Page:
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Students perform like kings

R.D. White first- and second-graders do their best Michael Jackson impressions in tribute to the singer.

June 15, 2010|By Veronica Rocha
(Roger Wilson )

CENTRAL GLENDALE — First- and second-graders at R. D. White Elementary School on Monday donned black paper fedoras sparkling with silver glitter as they serenaded hundreds of fellow classmates with two Michael Jackson tunes in tribute to his life.

Two weeks before the first anniversary of the pop icon's death, the first- and second-graders stood outside on the school's footsteps and belted out the lyrics to "Heal the World" and "I'll Be There" while using hand gestures to illustrate the songs.

"He was one of my favorite singers, and I love watching his good moves," said student Demitri Bedoian,who wore a Jackson-inspired outfit. "He inspired so many different artists."

Demitri, a fourth-grader, performed in this year's school talent show as Jackson.

The student performers practiced their morning routine for a month before the showcase, first-grade teacher Scarlet Vartanian said.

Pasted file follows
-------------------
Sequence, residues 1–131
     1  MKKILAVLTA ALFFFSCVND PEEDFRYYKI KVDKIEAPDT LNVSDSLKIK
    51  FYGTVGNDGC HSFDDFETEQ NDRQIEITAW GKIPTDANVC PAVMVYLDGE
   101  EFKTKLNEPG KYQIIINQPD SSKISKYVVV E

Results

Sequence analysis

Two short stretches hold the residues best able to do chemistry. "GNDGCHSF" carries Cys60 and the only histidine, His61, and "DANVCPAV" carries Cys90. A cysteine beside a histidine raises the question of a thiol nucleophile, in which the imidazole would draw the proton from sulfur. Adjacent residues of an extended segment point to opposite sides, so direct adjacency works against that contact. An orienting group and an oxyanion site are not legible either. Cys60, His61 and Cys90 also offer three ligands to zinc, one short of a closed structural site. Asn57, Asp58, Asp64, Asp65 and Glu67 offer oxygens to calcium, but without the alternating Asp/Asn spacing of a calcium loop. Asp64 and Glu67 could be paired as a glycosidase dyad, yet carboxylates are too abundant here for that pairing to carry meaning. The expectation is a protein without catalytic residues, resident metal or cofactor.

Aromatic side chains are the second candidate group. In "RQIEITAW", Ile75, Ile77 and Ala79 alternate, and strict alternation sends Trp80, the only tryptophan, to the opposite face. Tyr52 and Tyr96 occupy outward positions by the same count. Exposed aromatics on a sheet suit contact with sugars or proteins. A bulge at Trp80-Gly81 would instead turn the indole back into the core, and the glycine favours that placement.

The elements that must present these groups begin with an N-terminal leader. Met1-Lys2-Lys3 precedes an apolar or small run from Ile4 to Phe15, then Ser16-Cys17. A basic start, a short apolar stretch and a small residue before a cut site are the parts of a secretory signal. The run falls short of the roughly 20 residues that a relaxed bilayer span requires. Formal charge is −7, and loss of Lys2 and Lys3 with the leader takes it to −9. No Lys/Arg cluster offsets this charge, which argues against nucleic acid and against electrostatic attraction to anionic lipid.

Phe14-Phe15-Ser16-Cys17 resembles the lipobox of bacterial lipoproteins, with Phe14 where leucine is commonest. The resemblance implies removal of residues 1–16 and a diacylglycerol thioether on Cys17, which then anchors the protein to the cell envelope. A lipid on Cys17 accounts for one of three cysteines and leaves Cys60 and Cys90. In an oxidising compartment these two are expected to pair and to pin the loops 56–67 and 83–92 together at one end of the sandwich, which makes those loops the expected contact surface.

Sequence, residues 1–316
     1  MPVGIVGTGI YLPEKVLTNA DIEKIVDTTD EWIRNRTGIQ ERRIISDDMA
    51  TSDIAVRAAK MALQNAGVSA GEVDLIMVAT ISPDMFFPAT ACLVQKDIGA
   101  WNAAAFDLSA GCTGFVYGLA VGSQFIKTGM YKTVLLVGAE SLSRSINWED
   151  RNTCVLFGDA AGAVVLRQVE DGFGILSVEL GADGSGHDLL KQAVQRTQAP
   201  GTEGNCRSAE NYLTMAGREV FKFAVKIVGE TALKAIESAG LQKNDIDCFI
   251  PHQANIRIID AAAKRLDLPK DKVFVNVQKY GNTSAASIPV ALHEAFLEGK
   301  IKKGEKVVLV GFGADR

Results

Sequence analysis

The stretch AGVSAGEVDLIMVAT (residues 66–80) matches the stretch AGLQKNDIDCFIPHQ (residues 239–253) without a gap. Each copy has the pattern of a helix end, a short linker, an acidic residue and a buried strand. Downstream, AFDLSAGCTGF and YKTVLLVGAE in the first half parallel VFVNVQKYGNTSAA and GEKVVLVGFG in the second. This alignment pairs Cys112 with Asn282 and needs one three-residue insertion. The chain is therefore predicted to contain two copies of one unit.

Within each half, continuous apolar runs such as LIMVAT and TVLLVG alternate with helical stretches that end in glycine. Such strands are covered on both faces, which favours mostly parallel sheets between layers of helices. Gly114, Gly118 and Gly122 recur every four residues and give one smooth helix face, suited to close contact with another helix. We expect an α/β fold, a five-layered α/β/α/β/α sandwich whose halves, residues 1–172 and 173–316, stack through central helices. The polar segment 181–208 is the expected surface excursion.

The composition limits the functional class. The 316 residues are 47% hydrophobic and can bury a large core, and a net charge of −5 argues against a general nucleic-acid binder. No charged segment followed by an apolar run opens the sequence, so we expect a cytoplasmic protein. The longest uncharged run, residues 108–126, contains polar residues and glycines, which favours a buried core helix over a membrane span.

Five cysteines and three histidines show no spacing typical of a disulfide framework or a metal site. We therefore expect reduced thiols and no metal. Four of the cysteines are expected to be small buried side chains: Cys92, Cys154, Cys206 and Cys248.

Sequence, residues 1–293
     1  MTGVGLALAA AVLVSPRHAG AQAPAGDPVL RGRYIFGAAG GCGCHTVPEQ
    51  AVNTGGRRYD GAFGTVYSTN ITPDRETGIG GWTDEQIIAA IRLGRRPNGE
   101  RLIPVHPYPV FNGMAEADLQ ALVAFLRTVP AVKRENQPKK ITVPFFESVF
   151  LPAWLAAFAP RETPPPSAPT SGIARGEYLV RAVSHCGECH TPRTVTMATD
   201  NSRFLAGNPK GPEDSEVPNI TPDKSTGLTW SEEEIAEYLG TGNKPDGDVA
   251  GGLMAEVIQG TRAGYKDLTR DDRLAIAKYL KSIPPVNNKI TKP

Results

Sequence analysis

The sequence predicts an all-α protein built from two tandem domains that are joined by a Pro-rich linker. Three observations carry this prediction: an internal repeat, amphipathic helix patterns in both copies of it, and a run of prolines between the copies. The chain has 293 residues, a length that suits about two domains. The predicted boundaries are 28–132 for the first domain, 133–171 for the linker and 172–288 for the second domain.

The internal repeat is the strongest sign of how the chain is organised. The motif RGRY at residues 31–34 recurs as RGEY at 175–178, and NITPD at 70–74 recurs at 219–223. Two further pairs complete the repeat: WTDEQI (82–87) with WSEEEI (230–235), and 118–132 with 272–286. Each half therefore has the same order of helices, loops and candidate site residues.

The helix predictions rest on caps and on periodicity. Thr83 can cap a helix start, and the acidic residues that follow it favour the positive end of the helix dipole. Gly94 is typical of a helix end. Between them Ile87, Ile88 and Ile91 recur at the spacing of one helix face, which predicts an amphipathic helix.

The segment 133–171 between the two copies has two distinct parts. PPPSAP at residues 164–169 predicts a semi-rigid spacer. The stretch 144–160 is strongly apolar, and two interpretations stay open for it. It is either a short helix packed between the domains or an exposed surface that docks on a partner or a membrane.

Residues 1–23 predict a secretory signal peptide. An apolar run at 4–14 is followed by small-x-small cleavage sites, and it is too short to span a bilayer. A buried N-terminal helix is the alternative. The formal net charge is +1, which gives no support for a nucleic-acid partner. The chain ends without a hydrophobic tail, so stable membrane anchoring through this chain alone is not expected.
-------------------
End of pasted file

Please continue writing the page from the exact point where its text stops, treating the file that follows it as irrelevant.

With the one-year anniversary of Jackson's death coming up June 25, Vartanian said the students decided to memorialize him by singing two songs during the school's final flag ceremony of the school year, which ends Friday.


"We talked about the importance of Michael Jackson's message for the world: love," she said. "We also talked about how he worked very hard to make the world a better place by his songs and all his humanitarian actions during his life."

"Heal the World" and "I'll Be There" were selected for the performance, Vartanian said, because the lyrics best illustrated Jackson's message.

"We wanted them to sing those two songs because it was about making the world a better place, and the second was about love and compassion," she said.

Students also sang a song about self-discipline, which was a character and ethics word that they learned this month, Vartanian said.

Parent Wendy Lavalle filmed and cheered her daughter, Penelope Yañez, as she performed.

Penelope practiced daily with her class to get the routine down pat, Lavalle said.

Mozammel Haque's daughter, Marjina Haque, was excited about getting the chance to participate in a class performance honoring the late King of Pop, he said.

"I think it's a very good way to pay tribute to an American hero," he said.

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